Before the show even started, ITV’s voice over warned that this week “loose talk of politics” had turned the intensity of Downton’s themes up a notch.
I’ve already made it clear that I’m not particularly impressed with the quality of Julian Fellowes’ writing this season, but last night forced me to reconsider.
Julian Fellowes must indeed be as gifted as all those awards imply, he’s managed to make subjects as intense as a destitute sex worker giving up her child, the political awakening of a jilted aristo, corruption in the British prison system, and the burgeoning IRA campaigns against British rule in Ireland completely bloody bland.
Seriously, if it wasn’t for brand new footman Jimmy Kent turning up halfway through this episode looking FINE, I may have switched off altogether and recapped my cousin’s wedding, which also happened over this weekend, instead (it was beautiful, thank you. And yes, the groom did manage his vows).
First up, we have a new member of staff! Lady Mary has never uttered a more right-on command than when she told Carson to hire Jimmy K to “cheer us all up a bit.”
Like most of the female staff, Evil Thomas and I both have a new crush. Here’s hoping the series will now proceed to go as Queer as Folk as is polite for a family show set in 1920.
The least I’m hoping for is some really seedy online fan fiction. Link to some good stuff in the comments section and you’ll win my undying devotion. I’ll even throw in one of the step-kids.
On to more serious subject matter. Let’s start with former housemaid Ethel’s descent into society’s dark side: she‘s been turning tricks.
This episode saw her spiral ever lower when finally giving up her son to his paternal grandparents (his father, you may recall, was killed during the war that took up most of series 2).
She cried, people on Twitter cried. Mrs. Hughes acknowledged that it was probably all for the best, before going home to play with her new electric toaster.
I personally felt more of a need for something hot and buttered with marmite than a good sob after it, but I’ve always been an emotional eater.
In other news, the Duchess finally said what the rest of us were thinking when she told poor-jilted-entitled-to-neither-the-vote-nor-breakfast-in-bed-Edith, "You're a woman with a brain and reasonable ability. Stop whining and find something to do."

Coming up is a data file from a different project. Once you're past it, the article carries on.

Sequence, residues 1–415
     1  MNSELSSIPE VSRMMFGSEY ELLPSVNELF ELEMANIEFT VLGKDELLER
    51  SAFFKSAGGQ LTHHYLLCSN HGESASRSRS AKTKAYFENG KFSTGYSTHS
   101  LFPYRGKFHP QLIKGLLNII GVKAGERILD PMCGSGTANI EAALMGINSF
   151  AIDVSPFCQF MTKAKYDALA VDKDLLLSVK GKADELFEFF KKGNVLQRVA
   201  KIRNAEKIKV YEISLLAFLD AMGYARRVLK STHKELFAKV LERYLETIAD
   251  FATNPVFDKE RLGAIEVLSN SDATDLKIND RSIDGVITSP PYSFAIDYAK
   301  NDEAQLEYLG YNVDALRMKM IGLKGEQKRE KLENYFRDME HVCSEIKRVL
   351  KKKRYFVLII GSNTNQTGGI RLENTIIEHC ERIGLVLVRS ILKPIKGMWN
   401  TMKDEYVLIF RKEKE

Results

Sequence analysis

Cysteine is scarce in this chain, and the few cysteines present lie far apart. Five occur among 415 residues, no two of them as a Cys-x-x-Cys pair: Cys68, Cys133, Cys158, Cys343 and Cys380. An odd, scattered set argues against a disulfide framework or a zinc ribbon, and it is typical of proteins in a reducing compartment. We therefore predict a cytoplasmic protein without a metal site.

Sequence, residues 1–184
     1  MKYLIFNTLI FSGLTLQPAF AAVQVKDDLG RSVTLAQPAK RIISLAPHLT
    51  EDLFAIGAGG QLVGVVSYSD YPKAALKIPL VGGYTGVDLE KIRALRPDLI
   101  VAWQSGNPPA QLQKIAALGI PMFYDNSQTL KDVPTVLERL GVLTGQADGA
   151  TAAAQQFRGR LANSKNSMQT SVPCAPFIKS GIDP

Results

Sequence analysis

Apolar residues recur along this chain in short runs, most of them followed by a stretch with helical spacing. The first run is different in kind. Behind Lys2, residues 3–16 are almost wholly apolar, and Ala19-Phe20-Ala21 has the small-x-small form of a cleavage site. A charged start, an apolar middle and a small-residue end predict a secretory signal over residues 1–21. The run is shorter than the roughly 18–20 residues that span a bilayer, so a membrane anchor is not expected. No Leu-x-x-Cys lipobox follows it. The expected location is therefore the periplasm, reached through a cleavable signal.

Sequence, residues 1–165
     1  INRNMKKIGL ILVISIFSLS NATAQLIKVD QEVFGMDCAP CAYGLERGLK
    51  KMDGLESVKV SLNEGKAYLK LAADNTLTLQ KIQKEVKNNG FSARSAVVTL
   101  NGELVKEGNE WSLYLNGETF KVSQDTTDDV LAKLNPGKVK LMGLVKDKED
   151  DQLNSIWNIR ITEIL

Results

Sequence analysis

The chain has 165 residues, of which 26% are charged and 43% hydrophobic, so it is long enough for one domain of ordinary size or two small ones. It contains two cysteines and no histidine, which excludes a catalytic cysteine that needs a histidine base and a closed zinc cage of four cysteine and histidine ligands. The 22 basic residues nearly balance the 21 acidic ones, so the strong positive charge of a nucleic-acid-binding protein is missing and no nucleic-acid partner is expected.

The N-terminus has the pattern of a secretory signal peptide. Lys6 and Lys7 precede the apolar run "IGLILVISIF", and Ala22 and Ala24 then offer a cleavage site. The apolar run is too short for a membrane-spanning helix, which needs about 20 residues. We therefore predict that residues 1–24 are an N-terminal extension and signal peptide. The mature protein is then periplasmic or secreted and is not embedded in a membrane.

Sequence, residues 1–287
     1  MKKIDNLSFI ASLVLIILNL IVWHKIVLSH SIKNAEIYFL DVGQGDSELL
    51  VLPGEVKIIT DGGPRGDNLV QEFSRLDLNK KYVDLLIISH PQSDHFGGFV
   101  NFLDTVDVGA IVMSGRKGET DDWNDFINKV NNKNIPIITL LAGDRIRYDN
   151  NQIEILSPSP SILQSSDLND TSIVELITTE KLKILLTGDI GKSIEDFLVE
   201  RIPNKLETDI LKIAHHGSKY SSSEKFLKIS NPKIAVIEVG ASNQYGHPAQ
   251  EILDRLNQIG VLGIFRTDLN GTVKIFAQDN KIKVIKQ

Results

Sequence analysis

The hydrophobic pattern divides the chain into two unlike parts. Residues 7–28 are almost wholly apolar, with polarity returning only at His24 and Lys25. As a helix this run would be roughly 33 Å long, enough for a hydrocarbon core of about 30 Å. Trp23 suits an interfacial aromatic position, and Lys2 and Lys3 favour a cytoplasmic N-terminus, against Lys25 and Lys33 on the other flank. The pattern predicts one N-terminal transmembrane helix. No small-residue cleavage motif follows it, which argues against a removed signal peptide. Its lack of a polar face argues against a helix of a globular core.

This promptly awoke a political sensibility in her mardyship ladyship that isn’t entirely similar to Daisy’s in that it’s so completely out of character that it could be mistaken for a massively convoluted plot device.
Hence, Edith wrote to The Times about suffrage, prompted a minor breakfast table outrage when the paper turned her letter into a feature, and will next week be helping to lead the movement when she becomes a columnist (this is really happening. Even I can’t work up a mood that facetious).
It’s yet to be revealed whether she’ll use this new platform to address corruption in the British prison system, or the newly fired up “Irish problem” but let’s hope for Bates and Anna, and Sybil and Branson that she does not. Can you imagine all that whining? I would be enough to make them all line up for the firing squad before the police even arrive.
Lets not forget Bates and Anna’s Storyline Of The Week ™. The pair spent the whole episode moping because their post had been stopped.
So Bates stitched up his prison cell-mate with the help of some corrupt wardens and a mysterious package (does anyone know what’s in them yet? Is it snuff? I really want it to be snuff) [I have some snuff at home, it’s really not very exciting – was snuff contraband in 1920s fictional prisons? --Rebecca] and all was well with this May-September love affair.
Less healthy was the state of rebellious Lady Sybil’s marriage to Irish rebel Tom, who fled after watching his old IRA friends set fire to the home of an aristo family in Ireland.
Plus one for the mention of some of my fave female Fenians - Maud Gonne, Lady Gregory and Countess Markievicz.
Minus one to Lord Grantham for simply sending Tom to bed without supper for colluding with his old IRA friends, and for abandoning his pregnant wife in Dublin.
Was Lord G really not even angry enough to throw a punch at this particular “Johnny Foreigner”? Sybil could have been shot.
I’m deducting further points from Lord G because the very idea that this young couple would take any notice at all of him telling them not to leave Downton for Ireland ever again is hilarious.
Tom’s a freedom fighter, for fuck’s sake. At least three-quarters of the point of committing all these acts of political violence is so he can move back to his newly-free homeland.
So... I hated it. Too harsh? How did you all feel? I think I might want Mrs. Hughes to be my auntie. Which member of the Downton cast would you like to be a member of your family?